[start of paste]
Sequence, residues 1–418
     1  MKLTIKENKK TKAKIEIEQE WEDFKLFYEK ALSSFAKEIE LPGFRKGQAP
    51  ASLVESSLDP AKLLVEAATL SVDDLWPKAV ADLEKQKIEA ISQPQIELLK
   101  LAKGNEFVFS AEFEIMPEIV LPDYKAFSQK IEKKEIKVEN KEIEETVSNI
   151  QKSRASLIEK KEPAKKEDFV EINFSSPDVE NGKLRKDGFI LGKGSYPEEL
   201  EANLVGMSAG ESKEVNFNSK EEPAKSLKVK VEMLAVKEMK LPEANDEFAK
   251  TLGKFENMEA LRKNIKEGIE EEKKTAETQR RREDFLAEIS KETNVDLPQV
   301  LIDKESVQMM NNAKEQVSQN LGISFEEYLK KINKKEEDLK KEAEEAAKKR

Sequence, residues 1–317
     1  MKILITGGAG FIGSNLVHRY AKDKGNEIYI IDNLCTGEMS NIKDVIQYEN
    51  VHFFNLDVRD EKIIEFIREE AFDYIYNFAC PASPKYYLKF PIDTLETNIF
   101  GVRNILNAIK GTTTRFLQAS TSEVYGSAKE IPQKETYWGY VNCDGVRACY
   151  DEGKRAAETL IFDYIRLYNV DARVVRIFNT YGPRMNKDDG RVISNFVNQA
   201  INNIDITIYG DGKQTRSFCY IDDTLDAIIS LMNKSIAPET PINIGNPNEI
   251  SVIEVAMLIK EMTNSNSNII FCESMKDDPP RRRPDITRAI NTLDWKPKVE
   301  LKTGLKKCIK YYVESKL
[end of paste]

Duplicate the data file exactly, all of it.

Sequence, residues 1–418
     1  MKLTIKENKK TKAKIEIEQE WEDFKLFYEK ALSSFAKEIE LPGFRKGQAP
    51  ASLVESSLDP AKLLVEAATL SVDDLWPKAV ADLEKQKIEA ISQPQIELLK
   101  LAKGNEFVFS AEFEIMPEIV LPDYKAFSQK IEKKEIKVEN KEIEETVSNI
   151  QKSRASLIEK KEPAKKEDFV EINFSSPDVE NGKLRKDGFI LGKGSYPEEL
   201  EANLVGMSAG ESKEVNFNSK EEPAKSLKVK VEMLAVKEMK LPEANDEFAK
   251  TLGKFENMEA LRKNIKEGIE EEKKTAETQR RREDFLAEIS KETNVDLPQV
   301  LIDKESVQMM NNAKEQVSQN LGISFEEYLK KINKKEEDLK KEAEEAAKKR

Sequence, residues 1–317
     1  MKILITGGAG FIGSNLVHRY AKDKGNEIYI IDNLCTGEMS NIKDVIQYEN
    51  VHFFNLDVRD EKIIEFIREE AFDYIYNFAC PASPKYYLKF PIDTLETNIF
   101  GVRNILNAIK GTTTRFLQAS TSEVYGSAKE IPQKETYWGY VNCDGVRACY
   151  DEGKRAAETL IFDYIRLYNV DARVVRIFNT YGPRMNKDDG RVISNFVNQA
   201  INNIDITIYG DGKQTRSFCY IDDTLDAIIS LMNKSIAPET PINIGNPNEI
   251  SVIEVAMLIK EMTNSNSNII FCESMKDDPP RRRPDITRAI NTLDWKPKVE
   301  LKTGLKKCIK YYVESKL